Enumerations

  • Common Vulnerabilities and Exposures (CVE): CVE assigns identifiers to publicly known system vulnerabilities. Cisco assigns CVE identifiers to security vulnerabilities according to the Cisco public vulnerability policy. More information about CVE is available at http://cve.mitre.org.
  • Common Platform Enumeration (CPE): CPE is a standardized method of naming and identifying classes of applications, operating systems, and hardware devices. More information about CPE is available at http://cpe.mitre.org.
  • Common Configuration Enumeration (CCE): CCE provides unique identifiers for configuration guidance documents and best practices. The main goal of CCE is to enable organizations to perform fast and accurate correlation of configuration issues in enterprise systems. More information about CCE is available at http://cce.mitre.org.Note: Other community-developed enumerators, such as the Common Weakness Enumeration (CWE), are currently being expanded and further developed. CWE is a dictionary of common software architecture, design, code, or implementation weaknesses that could lead to security vulnerabilities. More information about CWE is available from http://cwe.mitre.org. Another emerging enumerator is the Common Remediation Enumeration (CRE). More information about CRE is available at http://scap.nist.gov/specifications/cre.

Metrics

Integrity

Cisco’s New OVAL Support

Cisco is committed to protect customers by sharing critical, security-related information in different formats.

As you may remember in a recent blog post, Automating Cisco IOS Vulnerability Assessment, the Cisco PSIRT is including OVAL definitions in Cisco IOS security advisories.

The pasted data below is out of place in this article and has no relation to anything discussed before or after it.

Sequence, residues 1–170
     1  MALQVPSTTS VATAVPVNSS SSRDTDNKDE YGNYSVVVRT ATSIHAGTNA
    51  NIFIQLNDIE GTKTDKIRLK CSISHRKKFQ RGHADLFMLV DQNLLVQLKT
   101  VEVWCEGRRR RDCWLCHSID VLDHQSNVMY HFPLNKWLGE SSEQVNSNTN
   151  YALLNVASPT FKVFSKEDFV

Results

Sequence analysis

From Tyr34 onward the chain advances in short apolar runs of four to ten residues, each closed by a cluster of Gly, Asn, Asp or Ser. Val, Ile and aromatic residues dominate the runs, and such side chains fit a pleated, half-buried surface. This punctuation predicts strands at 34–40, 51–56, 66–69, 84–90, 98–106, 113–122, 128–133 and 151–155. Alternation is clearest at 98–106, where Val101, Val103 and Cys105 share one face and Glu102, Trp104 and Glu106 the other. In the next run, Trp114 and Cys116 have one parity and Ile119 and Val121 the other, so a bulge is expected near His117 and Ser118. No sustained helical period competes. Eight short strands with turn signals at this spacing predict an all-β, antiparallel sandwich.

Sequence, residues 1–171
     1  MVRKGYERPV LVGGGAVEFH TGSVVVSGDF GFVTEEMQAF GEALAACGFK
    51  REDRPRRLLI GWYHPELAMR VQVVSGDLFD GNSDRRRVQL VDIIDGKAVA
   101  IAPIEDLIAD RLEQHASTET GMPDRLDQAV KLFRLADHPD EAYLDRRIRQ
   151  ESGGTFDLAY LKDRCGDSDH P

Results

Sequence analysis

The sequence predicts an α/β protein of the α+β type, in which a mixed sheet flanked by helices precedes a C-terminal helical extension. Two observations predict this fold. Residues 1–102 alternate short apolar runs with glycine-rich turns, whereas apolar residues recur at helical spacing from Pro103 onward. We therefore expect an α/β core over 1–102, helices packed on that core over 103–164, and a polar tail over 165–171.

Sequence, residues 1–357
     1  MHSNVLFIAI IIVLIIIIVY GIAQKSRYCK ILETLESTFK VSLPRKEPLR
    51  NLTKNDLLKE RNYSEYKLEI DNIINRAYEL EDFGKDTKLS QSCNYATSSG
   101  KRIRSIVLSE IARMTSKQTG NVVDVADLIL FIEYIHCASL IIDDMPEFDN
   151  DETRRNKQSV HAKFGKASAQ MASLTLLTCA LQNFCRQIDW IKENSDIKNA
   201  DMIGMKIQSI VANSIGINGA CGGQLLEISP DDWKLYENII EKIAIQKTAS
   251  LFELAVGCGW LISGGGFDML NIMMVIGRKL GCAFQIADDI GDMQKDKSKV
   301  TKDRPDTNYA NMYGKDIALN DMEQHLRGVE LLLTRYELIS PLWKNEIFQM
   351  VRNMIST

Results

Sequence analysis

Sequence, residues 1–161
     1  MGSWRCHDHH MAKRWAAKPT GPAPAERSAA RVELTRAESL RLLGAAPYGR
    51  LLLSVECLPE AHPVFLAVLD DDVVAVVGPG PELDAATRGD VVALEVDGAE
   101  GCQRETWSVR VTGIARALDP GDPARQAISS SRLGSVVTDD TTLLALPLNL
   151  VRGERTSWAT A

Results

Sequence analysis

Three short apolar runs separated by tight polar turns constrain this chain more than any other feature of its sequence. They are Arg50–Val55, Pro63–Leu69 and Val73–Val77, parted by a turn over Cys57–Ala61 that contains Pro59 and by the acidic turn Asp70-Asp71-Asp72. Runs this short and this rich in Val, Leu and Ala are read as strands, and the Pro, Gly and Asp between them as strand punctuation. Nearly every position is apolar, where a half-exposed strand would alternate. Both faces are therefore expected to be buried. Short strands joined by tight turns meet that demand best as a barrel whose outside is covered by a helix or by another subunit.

The following are some of the major benefits that OVAL offers:
  • Scalability
  • Single point of control
  • Reduction of risks due to human error
  • Breadth of coverage

The following provides a simple example of how an administrator can use an OVAL scanner to connect to several Cisco IOS routers over SSH and check them for the presence of vulnerabilities, configuration issues, and installed software.

Assessment of Cisco IOS Devices Using OVAL

OVAL Definitions

OVAL definitions are XML files that contain information about how to check a system for the presence of vulnerabilities, configuration issues, patches, installed applications, or other characteristics. For vulnerability checks, definitions are written to check for a vulnerability identified by a specific CVE identifier.
There are four main use cases, also called “classes,” of OVAL definitions:

  • Vulnerability: Determine the presence of a vulnerability on the system being tested
  • Compliance: Validate a device configuration against a known or approved valid configuration
  • Inventory: Check for a specific software installed on the system
  • Patches: Find a specific patch on the system

Downloading Cisco OVAL Content

OVAL content (often called “definitions”) can be downloaded directly from Cisco IOS Software security advisories. Each of these advisories includes a link to the corresponding OVAL definition(s). Currently only Cisco IOS Software is supported. Cisco is working with MITRE and the OVAL community to enhance and develop new schemata to better support Cisco IOS Software and possibly other Cisco products. OVAL enables interoperability between security and network management products from different vendors in different vertical markets, allowing them to quickly and automatically perform vulnerability and compliance assessment of network infrastructure and networking devices. Many vendors are working on integrating Cisco IOS Software schemata support into their products.

Please Provide Us Feedback and Comments!

Whether you are exploring security automation capabilities such as OVAL/SCAP; or have already implemented solutions that support OVAL/SCAP (or any other security automation standard or offering), please post your comments here or ask any questions.